In Patrick Lencioni’s book The Five Dysfunctions of a Team, he has a framework for teamwork, the basis of which is trust.  He says you cannot build powerful teams without trust.  So how do you build trust? How long does it take to build it?  How long does it take to lose it?  Once lost, can trust be restored?  This workshop describes trust as a combination of transparency, reliability, understanding, sincerity and trustworthiness; each of these characteristics is discussed in detail.


One of the most important skills needed in the changing healthcare environment today is strong, collaborative, proactive teams that produce meaningful, successful, outcomes. Building and sustaining these teams is becoming more challenging in the fast-paced, crisis-oriented, siloed cultures that exist in many hospitals today. How do you get your team to work together more positively and collegially?  How do you move them from reactive to proactive behavior?  What are the most important practices of highly impactful teams, and how does your team “score’ on these practices?  This program is for intact teams who would like to move to a higher level or performance, satisfaction and results.


One of the skills most needed today is courageous leadership.  So many of our actions and decisions require strong responses and sometimes unpopular choices.  We need leaders who will step up to these challenges and not back down when things get tough; but this is hard and we’ve not had much training or education on courage as a leadership skill.  This program explores what is meant by courage as a leadership skill, why it is so important in today’s rapidly changing world, and provides several suggestions on how to become a more courageous leader.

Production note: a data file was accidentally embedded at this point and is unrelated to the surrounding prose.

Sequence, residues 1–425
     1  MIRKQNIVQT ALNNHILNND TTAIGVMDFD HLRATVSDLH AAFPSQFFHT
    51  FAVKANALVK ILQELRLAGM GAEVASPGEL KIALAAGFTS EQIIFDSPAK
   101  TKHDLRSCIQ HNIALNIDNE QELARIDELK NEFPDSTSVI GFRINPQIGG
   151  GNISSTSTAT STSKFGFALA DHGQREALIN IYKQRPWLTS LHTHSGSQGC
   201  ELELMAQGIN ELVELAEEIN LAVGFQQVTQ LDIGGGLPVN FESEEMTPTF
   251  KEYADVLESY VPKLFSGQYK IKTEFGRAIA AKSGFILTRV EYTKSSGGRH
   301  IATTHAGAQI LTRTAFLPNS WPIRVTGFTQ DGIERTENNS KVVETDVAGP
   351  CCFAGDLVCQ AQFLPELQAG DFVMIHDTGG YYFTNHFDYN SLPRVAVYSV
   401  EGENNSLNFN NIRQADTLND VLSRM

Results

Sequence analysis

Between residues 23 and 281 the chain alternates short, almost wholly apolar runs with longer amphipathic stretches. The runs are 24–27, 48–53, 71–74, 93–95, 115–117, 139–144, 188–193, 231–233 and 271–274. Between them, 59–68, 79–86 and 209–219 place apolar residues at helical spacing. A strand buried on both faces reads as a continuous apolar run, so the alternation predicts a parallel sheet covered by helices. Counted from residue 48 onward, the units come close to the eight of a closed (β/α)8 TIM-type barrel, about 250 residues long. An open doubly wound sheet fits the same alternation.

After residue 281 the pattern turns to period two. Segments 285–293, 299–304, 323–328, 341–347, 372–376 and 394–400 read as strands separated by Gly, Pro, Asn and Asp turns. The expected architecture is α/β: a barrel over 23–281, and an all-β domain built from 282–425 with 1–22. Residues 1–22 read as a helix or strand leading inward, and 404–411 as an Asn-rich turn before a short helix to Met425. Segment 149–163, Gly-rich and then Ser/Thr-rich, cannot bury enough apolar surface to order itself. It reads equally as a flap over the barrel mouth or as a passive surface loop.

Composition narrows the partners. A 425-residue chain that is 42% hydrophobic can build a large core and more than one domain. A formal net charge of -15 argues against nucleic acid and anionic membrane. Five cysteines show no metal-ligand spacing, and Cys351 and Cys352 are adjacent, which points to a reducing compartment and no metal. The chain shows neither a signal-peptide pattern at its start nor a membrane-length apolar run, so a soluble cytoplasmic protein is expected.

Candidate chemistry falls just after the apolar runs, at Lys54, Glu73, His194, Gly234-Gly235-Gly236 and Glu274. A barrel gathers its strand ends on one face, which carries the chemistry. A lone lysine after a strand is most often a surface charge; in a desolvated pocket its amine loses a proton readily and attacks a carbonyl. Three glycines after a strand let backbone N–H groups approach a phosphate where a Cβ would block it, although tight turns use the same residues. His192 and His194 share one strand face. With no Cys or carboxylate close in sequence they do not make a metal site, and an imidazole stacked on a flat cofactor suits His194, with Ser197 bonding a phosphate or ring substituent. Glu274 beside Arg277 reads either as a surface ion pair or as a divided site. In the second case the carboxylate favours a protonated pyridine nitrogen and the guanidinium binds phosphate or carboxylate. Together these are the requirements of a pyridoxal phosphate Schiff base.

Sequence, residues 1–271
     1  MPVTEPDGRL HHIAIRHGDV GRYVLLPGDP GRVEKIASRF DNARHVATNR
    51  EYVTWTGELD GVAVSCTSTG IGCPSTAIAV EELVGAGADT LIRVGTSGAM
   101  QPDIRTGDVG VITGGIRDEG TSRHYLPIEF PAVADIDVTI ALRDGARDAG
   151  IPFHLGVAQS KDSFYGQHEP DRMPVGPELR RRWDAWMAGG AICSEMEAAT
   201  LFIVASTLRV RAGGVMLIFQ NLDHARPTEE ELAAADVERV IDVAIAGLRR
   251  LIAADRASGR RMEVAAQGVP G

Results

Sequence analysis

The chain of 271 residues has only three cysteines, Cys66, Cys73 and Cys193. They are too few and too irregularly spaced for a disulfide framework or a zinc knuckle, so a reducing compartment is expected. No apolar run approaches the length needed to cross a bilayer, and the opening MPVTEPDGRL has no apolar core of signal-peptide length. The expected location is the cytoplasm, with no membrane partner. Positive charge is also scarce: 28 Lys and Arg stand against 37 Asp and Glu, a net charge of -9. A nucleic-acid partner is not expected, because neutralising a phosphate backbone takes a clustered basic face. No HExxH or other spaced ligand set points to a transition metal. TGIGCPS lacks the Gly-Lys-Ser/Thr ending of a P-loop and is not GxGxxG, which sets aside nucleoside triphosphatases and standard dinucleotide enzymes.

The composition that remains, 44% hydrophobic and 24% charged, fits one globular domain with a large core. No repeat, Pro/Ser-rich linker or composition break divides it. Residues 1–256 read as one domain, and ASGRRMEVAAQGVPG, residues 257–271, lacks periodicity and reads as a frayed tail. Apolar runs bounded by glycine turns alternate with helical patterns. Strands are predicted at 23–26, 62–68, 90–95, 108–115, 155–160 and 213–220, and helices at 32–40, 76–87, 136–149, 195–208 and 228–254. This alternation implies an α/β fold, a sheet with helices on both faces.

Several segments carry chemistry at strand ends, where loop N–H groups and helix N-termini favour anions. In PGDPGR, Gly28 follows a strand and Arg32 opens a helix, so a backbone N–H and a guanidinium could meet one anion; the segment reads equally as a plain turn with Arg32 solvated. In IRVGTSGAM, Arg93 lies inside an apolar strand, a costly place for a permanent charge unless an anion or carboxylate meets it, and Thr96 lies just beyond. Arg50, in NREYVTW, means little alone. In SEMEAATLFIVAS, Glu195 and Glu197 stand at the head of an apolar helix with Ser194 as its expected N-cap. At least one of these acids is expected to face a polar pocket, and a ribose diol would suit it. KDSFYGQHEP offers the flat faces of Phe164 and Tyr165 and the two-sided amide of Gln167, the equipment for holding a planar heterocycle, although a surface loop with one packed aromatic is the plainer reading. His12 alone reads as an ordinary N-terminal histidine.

Why is it that some people are so good at coping with stress, anxiety, drama and trauma in the workplace and some handle it so poorly?  Why is the ability to overcome adversity easier for some than others?  How is it possible for 2 people to look at the same situation and see completely different scenarios?  Why are some so hopeful about their situation while others are so despairing?  I believe the answer is resiliency, critically important, yet never discussed.  Webster’s defines resiliency as “the ability to bounce back into shape after being stretched, bent or compressed; recovering your strength and spirit in overwhelming situations.”  Your capacity to “bounce back” and “recover your strength” is a leadership skill that can be studied and learned, and one of the most critical skills needed today.  Understanding its importance is step #1...


One of the most important leadership skills needed today is the ability to influence people to perform the work of the organization successfully, positively and efficiently.  The successful leader must understand what motivates people to perform and then learn how to match their influence abilities to what motivates employees.  This workshop is based on Daniel Pink’s work from the book, DRIVE, where he explains that the key motivators for knowledge workers today are autonomy, mastery and purpose.